According to the logs, after returning, she plugged it in to the Hab for recharging. It wasn’t used again, and 13 hours later they evac’d.”
He slid a picture across the table to Teddy.
“That’s one of the images from last night. As you can see, Rover 2 is facing away from the Hab. The charging port is in the nose, and the cable isn’t long enough to reach.”
Teddy frowned. “She must have parked it facing the Hab or she wouldn’t have been able to plug it in,” he said. “It’s been moved since
“Yeah,” Venkat said, sliding another picture to Teddy. “But here’s the real evidence. In the lower right of the image you can see the
MDV. It’s been taken apart. I’m pretty sure they wouldn’t have done that without teling us.
“And the clincher is on the right of the image,” Venkat pointed. “The landing struts of the MAV. Looks like the fuel plant has been
completely removed, with considerable damage to the struts in the process. There’s just no way that could have happened before liftoff. It would endanger the MAV way too much for Lewis to alow it.”
“Hey,” Annie interrupted. “Why not talk to Lewis? Let’s go to CAPCOM and ask her this sh@t directly.”
Venkat looked to Teddy knowingly. After a few moments, Teddy sighed.
“Because,” he said. “If Watney realy is alive, we don’t want the Ares 3 crew to know.”
“What!?” Annie said. “How can you not tel them?”
“They have another ten months on their trip home,” Teddy explained. “Space travel is dangerous. They need to be alert and
undistracted. They’re sad that they lost a crewmate, but they’d be devastated if they found out they’d abandoned him alive.”
Annie looked to Venkat. “You’re on board with this?”
“It’s a no-brainer,” Venkat said. “Let ‘em deal with that emotional trauma when they’re not flying a spaceship around.”
“This’l be the most talked-about event since Apolo 11,” Annie said. “How wil you keep it from them?”
Teddy shrugged. “Easy. We control al communication with them.”
“fu@k,” Annie said, opening her laptop. “When do you want to go public?”
“What’s your take,” he asked.
“Mmm,” Annie said, “We can hold the pics for 24 hours before we’re required to make them public. We’l need to release a statement
along with them. We don’t want people working it out on their own. We’d look like assholes.”
“Ok,” Teddy agreed, “put together a statement.”
“This is so fu@ked up,” she said.
“Where do we go from here?” Teddy asked Venkat.
“Step one is communication,” Venkat said. “From the pics, it’s clear the comm array is ruined. We need another way to talk. Once we
can talk, we can assess and make plans.”
“Al right,” Teddy said. “Get on it. Take anyone you want for any department. Use as much overtime as you want. Find a way to talk
to him. That’s your only job right now.”
“Annie, make sure nobody gets wind of this til we announce.”
“Right,” Annie said. “Who else knows?”
“Just the three of us and Mindy Park in SatCon,” Venkat said.
“I’l have a word with her,” Annie said.
Teddy stood and opened his cel phone. “I’m going to Chicago. I’l be back later today.”
“Why?” Annie asked.
“That’s where Watney’s parents live,” Teddy said. “I owe them a personal explanation before it breaks on the news.”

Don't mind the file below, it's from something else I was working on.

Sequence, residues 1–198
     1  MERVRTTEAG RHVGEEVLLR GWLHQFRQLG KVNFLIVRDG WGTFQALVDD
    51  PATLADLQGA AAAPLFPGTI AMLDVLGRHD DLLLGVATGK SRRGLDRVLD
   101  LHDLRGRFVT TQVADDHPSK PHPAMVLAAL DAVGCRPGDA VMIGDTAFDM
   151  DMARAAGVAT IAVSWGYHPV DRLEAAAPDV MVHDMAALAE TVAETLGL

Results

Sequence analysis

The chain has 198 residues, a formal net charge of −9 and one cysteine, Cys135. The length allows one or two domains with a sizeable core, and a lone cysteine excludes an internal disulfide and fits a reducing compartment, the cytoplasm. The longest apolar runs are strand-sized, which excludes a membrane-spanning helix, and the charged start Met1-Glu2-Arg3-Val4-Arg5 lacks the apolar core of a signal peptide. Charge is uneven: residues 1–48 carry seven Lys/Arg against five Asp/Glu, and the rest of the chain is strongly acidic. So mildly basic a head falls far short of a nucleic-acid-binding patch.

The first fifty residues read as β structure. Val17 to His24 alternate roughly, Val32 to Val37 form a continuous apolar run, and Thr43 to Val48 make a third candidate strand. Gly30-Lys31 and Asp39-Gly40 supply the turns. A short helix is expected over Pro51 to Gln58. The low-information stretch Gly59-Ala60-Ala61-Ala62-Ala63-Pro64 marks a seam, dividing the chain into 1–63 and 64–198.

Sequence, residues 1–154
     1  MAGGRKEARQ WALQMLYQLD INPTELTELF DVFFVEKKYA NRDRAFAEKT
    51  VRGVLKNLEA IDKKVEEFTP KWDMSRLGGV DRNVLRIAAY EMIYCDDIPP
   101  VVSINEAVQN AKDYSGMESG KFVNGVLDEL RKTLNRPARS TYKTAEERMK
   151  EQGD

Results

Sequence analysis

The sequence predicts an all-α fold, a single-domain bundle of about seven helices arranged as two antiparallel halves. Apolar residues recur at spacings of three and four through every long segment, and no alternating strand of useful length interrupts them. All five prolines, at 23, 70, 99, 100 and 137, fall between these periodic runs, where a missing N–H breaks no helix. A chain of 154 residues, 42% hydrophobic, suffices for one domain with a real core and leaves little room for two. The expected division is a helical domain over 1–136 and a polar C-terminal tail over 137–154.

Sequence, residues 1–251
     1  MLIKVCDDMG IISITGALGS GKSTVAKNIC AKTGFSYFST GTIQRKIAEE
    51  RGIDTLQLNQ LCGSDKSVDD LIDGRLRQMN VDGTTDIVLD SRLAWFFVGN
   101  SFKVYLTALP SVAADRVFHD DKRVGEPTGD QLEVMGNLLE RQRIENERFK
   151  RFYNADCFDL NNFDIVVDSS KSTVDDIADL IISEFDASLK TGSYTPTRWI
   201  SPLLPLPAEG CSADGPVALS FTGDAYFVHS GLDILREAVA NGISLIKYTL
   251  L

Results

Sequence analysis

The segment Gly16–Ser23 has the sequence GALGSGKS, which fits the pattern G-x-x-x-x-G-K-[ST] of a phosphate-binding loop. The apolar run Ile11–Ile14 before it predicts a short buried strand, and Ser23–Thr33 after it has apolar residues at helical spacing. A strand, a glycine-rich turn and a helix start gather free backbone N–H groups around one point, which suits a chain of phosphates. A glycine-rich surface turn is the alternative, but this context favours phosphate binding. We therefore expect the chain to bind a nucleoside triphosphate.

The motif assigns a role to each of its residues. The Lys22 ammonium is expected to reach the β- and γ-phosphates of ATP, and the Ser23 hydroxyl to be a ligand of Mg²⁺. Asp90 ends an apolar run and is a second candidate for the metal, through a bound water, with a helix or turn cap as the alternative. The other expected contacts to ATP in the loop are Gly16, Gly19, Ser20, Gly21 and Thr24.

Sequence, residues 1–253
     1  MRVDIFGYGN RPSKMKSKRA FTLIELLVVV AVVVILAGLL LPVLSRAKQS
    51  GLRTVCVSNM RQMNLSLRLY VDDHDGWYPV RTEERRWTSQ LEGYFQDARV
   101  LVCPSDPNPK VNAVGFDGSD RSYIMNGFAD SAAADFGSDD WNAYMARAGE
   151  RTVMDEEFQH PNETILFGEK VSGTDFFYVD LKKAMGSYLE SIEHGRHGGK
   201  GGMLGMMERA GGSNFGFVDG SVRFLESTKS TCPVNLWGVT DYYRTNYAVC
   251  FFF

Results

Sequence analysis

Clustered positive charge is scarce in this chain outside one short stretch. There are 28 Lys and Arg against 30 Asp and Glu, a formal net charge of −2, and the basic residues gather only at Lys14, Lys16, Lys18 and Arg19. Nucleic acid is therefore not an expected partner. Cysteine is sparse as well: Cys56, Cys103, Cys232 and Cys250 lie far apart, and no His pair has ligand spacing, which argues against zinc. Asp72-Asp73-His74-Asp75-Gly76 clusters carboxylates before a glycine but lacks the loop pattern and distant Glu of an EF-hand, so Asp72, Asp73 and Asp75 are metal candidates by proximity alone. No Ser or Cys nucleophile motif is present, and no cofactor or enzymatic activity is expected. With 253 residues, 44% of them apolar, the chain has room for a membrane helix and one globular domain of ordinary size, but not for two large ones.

“They’l be happy to hear their son’s alive,” Annie said.
“Yeah, he’s alive,” Teddy said. “But if my math is right, he’s doomed to starve to death before we can possibly help him. I’m not
looking forward to the conversation.”
“fu@k,” Annie said, thoughtfuly.
“Nothing? Nothing at al?” Venkat groaned. “Are you kidding me? You had 20 experts working for 12 hours on this. We have a multi-
bilion dolar communication network. You can’t figure out any way to talk to him?”
The two men in Venkat’s office fidgeted in their chairs.
“He’s got no radio,” said Chuck.
“Actualy,” said Morris, “He’s got a radio, but he doesn’t have a dish.”
“Thing is,” Chuck continued, “without the dish, a signal would have to be realy strong-“
“Like, melting-the-pigeons strong-“ Morris supplied.
“-for him to get it.” Chuck finished.
“We considered Martian satelites,” Morris said. “They’re way closer. But the math doesn’t work out. Even SuperSurveyor 3, which
has the strongest transmitter, would need to be 14 times more powerful-“
“17 times,” Chuck said.
“14 times,” Morris asserted.
“No it’s 17. You forgot the amperage minimum for the heaters to keep the-“
“Guys,” Venkat interrupted. “I get the idea.”
“Sorry if I’m grumpy,” Venkat said. “I got like 2 hours sleep last night.”
“No problem,” Morris said.
“Totaly understandable,” Chuck said.
“Ok,” Venkat said. “Explain to me how a single windstorm removed our ability to talk to Ares 3.”
“Failure of imagination,” Chuck said.
“Totaly didn’t see it coming,” Morris agreed.
“How many back-up communication systems does an Ares mission have?” Venkat asked.
“Four,” Chuck said.
“Three,” Morris said.
“No, it’s four,” Chuck corrected.
“He said back-up systems,” Morris insisted. “That means not including the primary system.”
“Oh right. Three.”
“So four systems total, then,” Venkat said. “Explain how we lost al four.”
“Wel,” Chuck said, “The primary ran through the big satelite dish. It blew away in the storm. The rest of the backups were the MAV.”
“Yup,” Morris agreed. “The MAV is, like, a communicating machine. It can talk to Earth, Hermes, even satelites around Mars if it has to. And it has three independent systems to make sure nothing short of a meteor strike can stop communication.”